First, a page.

The modern-classic chairs, blue accents, amazing garden, period detailing, rainforest showers… you don’t find all of that for under £100 a room very often. I know this because I drove round the whole of Cornwall a few years ago seeking out special places to stay for the Time Out Guide to Devon & Cornwall – and gems are few in this price bracket.
It is also on one of my favourite streets, leafy Trewithen Road, next to Penlee Park. Best of luck, Venton Vean – if your website is anything to go by, you’re going to storm it. Oh and can you open a little tea shop in your garden too, please? That would be most handy.
Get an eyeful of this!
Anyone who went to Cornwall Design Fair at Trereife House at the weekend will know what I mean when I say that the wallet-emptying perils of this event are grave. It was my first time at the fair, and the jewellery temptation levels – always my weak spot – were vertiginously high. Short of time this week, so I’ll let the pictures do the talking – but for once I’m going to treat you to captions ;)
PS My only gripe was the £6 per person admission fee (not allowing you to come back the next day without paying more again). This did include entry to the wonderful house but on the whole I’m not so keen on paying to go shopping. Don’t mind me, though, I’m just a grumpy old woman!
Like any girl, I swoon at the sight of vintage crockery, bunting, wild flowers and cakes (in pretty much any combination), so imagine my excitement at this pop-up tea shop called Tea by the Sea, which pitched up in the old shipping container that is currently on Penzance prom as part of Cornwall Design Season.
Despite being the only seaside prom in Cornwall – with twinkling views – Penzance prom is quite a bare kind of place. Occasionally, and seemingly randomly, a few potted palms appear, but then they disappear as mysteriously as Read the rest of this entry »
They were sounding so chirpy on Radio Cornwall about the lunar eclipse this morning – the first total lunar eclipse to take place on the winter solstice since 1638 – that I felt spurred to get out of bed and try and catch it. It was cold and I couldn’t see no bleddy moon but it was an incredible sunrise all the same. Anyone else have any lunar joy?
Today is of course the shortest day of the year and in Penzance that means everyone goes a bit pagan and marches up to the beacon with lanterns to stand around a large bonfire and sing. Montol as a festival was revived here four years ago – it’s devoid of bells and whistles (burger vans, candyfloss etc), but I think that’s the idea. Procession starts from St John’s Hall at 5.45pm this evening.
More deets at http://www.montol.co.uk/
I made it through the sheets of rain to the opening of a rather charming new studio-cum-shop up some old granite steps off the front in St Ives called the Vintage Storeroom, brainchild of freelance knitwear designer Rosie Savidge.
It’s a pot pourri of vintage pieces, illustrated cards, textile designs (lavender mice, above, and soon to include the pasty teddy – the prototype by Emily Fishpool looked like a proper job), and also – in a random but useful twist – a selection of Asian and Italian specialist foodstuffs like fish sauce, coconut milk, and good spaghetti.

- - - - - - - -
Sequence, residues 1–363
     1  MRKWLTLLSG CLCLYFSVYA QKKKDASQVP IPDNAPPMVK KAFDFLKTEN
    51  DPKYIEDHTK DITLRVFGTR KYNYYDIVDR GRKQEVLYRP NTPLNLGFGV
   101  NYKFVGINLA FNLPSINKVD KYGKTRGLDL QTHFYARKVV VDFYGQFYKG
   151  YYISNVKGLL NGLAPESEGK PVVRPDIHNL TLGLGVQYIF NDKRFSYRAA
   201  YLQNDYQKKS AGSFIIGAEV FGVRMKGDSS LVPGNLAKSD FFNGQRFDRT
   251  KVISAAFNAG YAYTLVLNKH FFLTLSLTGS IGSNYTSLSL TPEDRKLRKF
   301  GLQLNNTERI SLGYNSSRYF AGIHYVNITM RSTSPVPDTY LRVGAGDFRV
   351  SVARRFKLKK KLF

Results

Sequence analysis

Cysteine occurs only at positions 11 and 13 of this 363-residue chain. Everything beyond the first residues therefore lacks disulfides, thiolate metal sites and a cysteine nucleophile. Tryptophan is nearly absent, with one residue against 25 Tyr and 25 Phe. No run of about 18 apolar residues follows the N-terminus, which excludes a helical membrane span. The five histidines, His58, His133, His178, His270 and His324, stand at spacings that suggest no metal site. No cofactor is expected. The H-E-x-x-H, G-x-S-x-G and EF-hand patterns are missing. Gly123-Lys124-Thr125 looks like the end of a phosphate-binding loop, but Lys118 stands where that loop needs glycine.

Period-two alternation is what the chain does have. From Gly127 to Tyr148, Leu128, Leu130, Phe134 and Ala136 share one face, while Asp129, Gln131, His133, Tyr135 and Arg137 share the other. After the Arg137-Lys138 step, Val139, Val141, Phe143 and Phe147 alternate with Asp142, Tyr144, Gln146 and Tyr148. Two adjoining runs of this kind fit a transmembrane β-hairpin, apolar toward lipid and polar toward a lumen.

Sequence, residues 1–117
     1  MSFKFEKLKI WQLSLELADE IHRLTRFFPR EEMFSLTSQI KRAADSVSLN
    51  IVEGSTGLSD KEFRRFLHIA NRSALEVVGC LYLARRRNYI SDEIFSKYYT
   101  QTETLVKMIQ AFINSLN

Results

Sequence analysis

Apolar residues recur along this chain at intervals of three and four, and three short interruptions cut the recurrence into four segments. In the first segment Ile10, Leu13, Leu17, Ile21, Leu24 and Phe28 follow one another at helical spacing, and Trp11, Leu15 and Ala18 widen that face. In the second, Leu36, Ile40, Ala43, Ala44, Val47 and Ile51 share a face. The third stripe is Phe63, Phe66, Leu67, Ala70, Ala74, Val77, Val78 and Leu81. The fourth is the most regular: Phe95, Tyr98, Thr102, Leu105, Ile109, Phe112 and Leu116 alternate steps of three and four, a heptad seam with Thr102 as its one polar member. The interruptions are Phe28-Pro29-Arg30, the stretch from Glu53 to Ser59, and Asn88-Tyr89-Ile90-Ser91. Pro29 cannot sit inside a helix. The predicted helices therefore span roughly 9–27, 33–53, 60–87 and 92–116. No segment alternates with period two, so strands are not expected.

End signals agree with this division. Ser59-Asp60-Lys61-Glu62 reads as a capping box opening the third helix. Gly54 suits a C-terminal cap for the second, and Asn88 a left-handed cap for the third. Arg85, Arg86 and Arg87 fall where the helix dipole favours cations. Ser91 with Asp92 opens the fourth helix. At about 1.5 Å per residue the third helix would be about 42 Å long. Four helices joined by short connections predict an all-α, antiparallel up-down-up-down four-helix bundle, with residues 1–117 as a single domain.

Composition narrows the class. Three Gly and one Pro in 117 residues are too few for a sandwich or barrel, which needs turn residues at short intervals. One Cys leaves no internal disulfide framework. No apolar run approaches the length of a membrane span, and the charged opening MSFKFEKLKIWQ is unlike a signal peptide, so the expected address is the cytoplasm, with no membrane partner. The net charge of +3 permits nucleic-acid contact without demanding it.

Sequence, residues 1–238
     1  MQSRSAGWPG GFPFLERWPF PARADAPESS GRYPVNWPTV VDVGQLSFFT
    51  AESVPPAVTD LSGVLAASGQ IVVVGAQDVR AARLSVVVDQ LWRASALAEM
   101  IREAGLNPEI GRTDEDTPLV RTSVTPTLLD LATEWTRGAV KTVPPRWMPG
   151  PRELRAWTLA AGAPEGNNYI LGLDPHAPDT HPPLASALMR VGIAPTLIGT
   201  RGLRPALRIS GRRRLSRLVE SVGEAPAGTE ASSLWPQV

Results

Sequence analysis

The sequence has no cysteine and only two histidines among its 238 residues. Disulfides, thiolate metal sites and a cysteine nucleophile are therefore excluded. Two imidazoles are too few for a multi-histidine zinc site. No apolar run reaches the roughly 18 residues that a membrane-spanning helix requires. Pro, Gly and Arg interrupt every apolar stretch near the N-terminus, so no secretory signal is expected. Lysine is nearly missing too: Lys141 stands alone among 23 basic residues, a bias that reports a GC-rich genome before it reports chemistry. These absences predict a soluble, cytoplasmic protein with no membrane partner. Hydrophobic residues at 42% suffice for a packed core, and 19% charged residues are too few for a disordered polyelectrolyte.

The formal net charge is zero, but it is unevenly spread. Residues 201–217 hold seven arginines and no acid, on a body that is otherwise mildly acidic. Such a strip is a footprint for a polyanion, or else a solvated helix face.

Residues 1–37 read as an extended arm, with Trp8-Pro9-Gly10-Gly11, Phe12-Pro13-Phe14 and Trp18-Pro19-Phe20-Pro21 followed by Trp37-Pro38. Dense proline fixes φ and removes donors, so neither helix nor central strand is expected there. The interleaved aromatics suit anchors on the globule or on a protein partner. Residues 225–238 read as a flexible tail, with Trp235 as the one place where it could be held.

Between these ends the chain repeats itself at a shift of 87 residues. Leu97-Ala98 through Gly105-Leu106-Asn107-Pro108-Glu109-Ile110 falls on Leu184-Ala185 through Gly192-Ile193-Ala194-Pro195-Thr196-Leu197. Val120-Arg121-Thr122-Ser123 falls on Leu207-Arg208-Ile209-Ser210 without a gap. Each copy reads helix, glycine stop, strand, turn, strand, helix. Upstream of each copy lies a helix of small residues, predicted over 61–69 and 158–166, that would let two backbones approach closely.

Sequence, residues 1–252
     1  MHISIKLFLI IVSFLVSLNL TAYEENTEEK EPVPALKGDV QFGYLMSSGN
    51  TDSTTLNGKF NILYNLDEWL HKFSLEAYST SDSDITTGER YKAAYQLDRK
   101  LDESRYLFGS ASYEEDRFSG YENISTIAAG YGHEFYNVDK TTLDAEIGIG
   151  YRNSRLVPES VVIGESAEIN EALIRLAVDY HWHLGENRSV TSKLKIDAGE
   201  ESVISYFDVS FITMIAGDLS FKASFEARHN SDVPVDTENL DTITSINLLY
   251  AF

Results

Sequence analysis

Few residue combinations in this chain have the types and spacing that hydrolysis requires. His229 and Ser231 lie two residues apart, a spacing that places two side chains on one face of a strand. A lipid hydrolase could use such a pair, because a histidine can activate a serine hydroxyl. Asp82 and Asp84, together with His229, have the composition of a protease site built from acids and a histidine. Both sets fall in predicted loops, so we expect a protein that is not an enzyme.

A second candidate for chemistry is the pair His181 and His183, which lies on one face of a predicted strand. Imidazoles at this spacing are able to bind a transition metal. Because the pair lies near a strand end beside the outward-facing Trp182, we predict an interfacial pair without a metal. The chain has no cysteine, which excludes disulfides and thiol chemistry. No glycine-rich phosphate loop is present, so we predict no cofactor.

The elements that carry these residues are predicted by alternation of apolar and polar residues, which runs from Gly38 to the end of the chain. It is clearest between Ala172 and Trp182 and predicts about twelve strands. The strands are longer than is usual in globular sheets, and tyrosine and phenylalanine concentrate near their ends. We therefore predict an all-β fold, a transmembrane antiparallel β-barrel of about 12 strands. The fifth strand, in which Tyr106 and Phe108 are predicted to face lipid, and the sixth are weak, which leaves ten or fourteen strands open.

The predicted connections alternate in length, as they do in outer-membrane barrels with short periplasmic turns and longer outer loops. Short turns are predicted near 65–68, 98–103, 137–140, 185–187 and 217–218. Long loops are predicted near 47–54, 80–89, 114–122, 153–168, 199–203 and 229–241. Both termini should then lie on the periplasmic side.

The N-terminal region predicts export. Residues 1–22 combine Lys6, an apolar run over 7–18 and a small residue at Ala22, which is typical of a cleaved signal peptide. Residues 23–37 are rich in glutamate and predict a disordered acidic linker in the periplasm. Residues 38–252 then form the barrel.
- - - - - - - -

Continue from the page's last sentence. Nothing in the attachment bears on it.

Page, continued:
Follow their progress at http://twitter.com/#!/thevintagesroom
One of the more trying aspects of my job is having to go and sample the occasional spa for an article. And so it was that I had to accomplish this rare and terrible task the other weekend: a 90-minute ™Relax into Radiance treatment, care of Spiezia in Trelowarren‘s new spa.
But actually I was almost as excited about taking my first dip in their heated outdoor pool under the November sky. The temperature of the water was roughly 25ºC, which I thought was very fair under the wintery circs.
As my friends and family will know, I have developed a slightly strange obsession with the temperature of swimming pools around Cornwall lately, so I can actually tell you where this places it against other pools in west Cornwall… should anyone wish to know. No? Ok, so moving on.
Spa or no spa, Trelowarren was already pretty much one of my favourite places on earth – a peaceful and incredibly romantic woodland estate reaching all the way to the still banks of the Helford River.
I have been going there since I was a child so just in case I am no longer capable of objectivity, I call upon Daphne du Maurier for description: ‘a shock of surprise and delight, lying indeed like a jewel in the hollow of the hand’. She used to hang on the estate quite a bit and found inspiration here for her pulse-quickening novel Frenchman’s Creek.
Anyway, so Trelowarren has teamed up with luxury organic skincare company Spiezia to open the Walled Garden, a rather lovely new treatment room in one of the estate’s original walled gardens. (Full account in December’s Cornwall Today…).
Trelowarren, Helston, Cornwall TR12 6AF. T 01326 221224. www.trelowarren.com
I’ve got a bit of a thing at the moment for monterey pines (see also banner pic!), so here is a quick vid of the fireworks on Friday going off behind the silhouette of a monterey pine in Penlee Park (aka the cheap seats).
I can but apologise in advance to male readers for the amount of pink in this post. I discovered Atlantic Blanket‘s Padstow shop recently and must have spent about half an hour in there stroking the cashmere throws and merino hand-knitted hot water bottles. The owners of this newish Cornish company (with an online shop) hand-pick their stock from knitters and weavers far and wide – and collection is clearly amassed with great care.